A DJ spins tunes in the oversized disco ball. Can you believe this is a gym? (Photo courtesy of David Barton Gym)
The other day I checked out the newest Astor Place location of the David Barton Gym. Never before have I stepped into a more beautiful fitness center—the decor was drop dead gorgeous and appeared to be straight out of a movie set, not like that of a place where I'd think people go to get buff. Inspired by the nightclub scene, not only does the decor make you want to look your best for the next night out on the town, but the overall vibe of this gym just makes you want to work out hard. Here in New York City, before you hit the town for a night of dancing, you make sure to hit the gym. This is definitely the idea that David had in mind when he opened his franchise, including a disco ball DJ booth for local DJs to play their beats during Thursday night work out rush hour. Yes, the music is turned high and the adrenaline is pumping—and David's trainers promise that you'll get a hot body. I needed some work on my core so David set me up with one of his trainers, Meka Gibson, for a quick workout. (Unfortunately for me, it wasn't a Thursday so I didn't get to experience the DJ, but I will be back to see this!)
Why my core? I really felt like my core and lower back needed extra attention because my lower back occasionally hurts when I work out (aka it's out of shape), and although I think my rectus abdominal muscles are in prime form (those are the ones you see when you're staring at someone's six- or eight-pack), the rest of my core, like the external obliques and transversus abdominus muscles, have not really been feeling the love lately. David taught me that your core is like the tree trunk of your body—it has to be strong to stabilize the rest of your muscles and help you have good posture. I sometimes feel that I'm slacking with this as I find myself slouching at my desk! Although I'm a huge fan of the plank and do this move nearly every day, I needed a fresh plan to give me an extra boost. Here are the hard-as-nails moves that David and Meka taught me. Try these just twice a week and you'll start to feel stronger, guaranteed!
Read on to learn the fabulous moves.
What you'll need: a stability ball and mat
- The Dead Bug
Lie faceup on a mat, lift and extend legs toward the ceiling so your body is at a 90 degree angle. Place a stability ball right above your knees and place hands on ball to keep it in place (see below, left). Lower your right leg toward the floor and at the same time lower your left arm toward your head, toward the floor (see below, right). Make sure you tighten the abdominals, squeeze the glutes and press the lower back towards the floor at all times. Always work in a pain-free range of motion. If you feel like you're hurting yourself, adjust the position by not lowering as close to the floor with the arm and leg, if necessary, to eliminate strain on the low back. Repeat with the other side. Do 3 sets of 8-12 reps.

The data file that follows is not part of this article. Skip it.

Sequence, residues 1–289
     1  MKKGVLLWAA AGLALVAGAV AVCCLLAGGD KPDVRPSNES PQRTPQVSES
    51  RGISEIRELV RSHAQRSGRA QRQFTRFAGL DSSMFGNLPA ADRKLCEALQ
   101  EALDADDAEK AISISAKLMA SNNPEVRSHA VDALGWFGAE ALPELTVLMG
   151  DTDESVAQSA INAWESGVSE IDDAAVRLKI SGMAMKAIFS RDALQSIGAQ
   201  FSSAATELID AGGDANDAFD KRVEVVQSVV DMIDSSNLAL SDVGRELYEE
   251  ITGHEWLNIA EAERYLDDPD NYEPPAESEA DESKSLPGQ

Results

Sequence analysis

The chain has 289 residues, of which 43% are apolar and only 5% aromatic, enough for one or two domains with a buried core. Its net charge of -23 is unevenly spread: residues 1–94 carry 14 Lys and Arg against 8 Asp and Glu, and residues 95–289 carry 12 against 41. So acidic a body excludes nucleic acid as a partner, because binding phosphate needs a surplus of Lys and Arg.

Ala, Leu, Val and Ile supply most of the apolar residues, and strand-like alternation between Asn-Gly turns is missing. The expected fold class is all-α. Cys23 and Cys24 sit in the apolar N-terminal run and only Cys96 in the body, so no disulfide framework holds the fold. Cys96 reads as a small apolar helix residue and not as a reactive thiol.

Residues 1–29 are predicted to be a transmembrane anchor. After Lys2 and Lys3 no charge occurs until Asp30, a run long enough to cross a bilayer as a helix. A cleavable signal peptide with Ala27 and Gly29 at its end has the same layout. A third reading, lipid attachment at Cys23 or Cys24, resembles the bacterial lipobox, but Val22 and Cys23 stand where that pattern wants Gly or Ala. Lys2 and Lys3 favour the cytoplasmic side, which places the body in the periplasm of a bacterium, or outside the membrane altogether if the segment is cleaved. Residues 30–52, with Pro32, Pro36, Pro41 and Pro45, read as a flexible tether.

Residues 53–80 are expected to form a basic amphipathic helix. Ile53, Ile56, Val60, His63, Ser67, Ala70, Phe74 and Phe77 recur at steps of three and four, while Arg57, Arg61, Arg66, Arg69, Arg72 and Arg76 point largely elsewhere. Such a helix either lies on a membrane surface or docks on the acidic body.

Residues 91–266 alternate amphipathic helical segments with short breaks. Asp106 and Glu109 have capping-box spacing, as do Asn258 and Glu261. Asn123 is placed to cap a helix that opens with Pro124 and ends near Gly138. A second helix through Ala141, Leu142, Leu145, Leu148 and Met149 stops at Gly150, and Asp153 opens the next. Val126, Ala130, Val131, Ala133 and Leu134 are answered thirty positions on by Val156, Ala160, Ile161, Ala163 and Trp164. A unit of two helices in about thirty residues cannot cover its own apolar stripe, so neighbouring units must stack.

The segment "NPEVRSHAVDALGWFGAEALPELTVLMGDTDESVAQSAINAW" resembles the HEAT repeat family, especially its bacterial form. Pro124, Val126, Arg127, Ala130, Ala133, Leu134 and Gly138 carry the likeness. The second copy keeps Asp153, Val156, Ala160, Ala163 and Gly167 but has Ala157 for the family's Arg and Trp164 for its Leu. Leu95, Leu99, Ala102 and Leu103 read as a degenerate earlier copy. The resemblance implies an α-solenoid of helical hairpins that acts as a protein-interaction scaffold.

- The Bird-Dog
Starting in plank position with hands and toes on the ground (not resting on your forearms), slowly lift and extend your left arm forward and lift your right foot off the floor at the same time. Balance for a few seconds, always remembering to keep your abs tight and hips down facing the floor. Switch sides and repeat.
Make It Harder: Starting in plank position, rest on you forearms. Keeping your abs engaged and hips in place, raise your body up by going from forearm position to push-up position with right hand on floor. Then raise your other side by placing your left hand on the floor until you're in a full push-up position. Always keep your hips facing the floor (do not twist them out to the side as you move from each step of this move). Return to the starting position, going back to resting on your right forearm, then left forearm. Repeat. Do 3 sets of 8-12 reps.
If you're near NYC, David Barton Gym has a deal that promises to ease your Tax Day-induced stress. Stop by on April 18 for a free CUT class. (Get it: "tax cut"?) You'll keep moving through the whole 45-minutes with multiple sets using heavy weights and active recovery between each exercise.